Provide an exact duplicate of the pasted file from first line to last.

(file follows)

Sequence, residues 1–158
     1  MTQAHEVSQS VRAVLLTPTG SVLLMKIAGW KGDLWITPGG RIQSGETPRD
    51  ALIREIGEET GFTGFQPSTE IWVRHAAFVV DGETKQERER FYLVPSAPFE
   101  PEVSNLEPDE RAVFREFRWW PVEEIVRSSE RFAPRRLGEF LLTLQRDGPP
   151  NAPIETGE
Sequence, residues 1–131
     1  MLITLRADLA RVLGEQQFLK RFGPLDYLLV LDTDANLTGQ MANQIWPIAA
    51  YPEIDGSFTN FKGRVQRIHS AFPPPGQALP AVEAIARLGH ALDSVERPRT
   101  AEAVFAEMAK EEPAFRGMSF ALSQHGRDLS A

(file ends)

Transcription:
Sequence, residues 1–158
     1  MTQAHEVSQS VRAVLLTPTG SVLLMKIAGW KGDLWITPGG RIQSGETPRD
    51  ALIREIGEET GFTGFQPSTE IWVRHAAFVV DGETKQERER FYLVPSAPFE
   101  PEVSNLEPDE RAVFREFRWW PVEEIVRSSE RFAPRRLGEF LLTLQRDGPP
   151  NAPIETGE
Sequence, residues 1–131
     1  MLITLRADLA RVLGEQQFLK RFGPLDYLLV LDTDANLTGQ MANQIWPIAA
    51  YPEIDGSFTN FKGRVQRIHS AFPPPGQALP AVEAIARLGH ALDSVERPRT
   101  AEAVFAEMAK EEPAFRGMSF ALSQHGRDLS A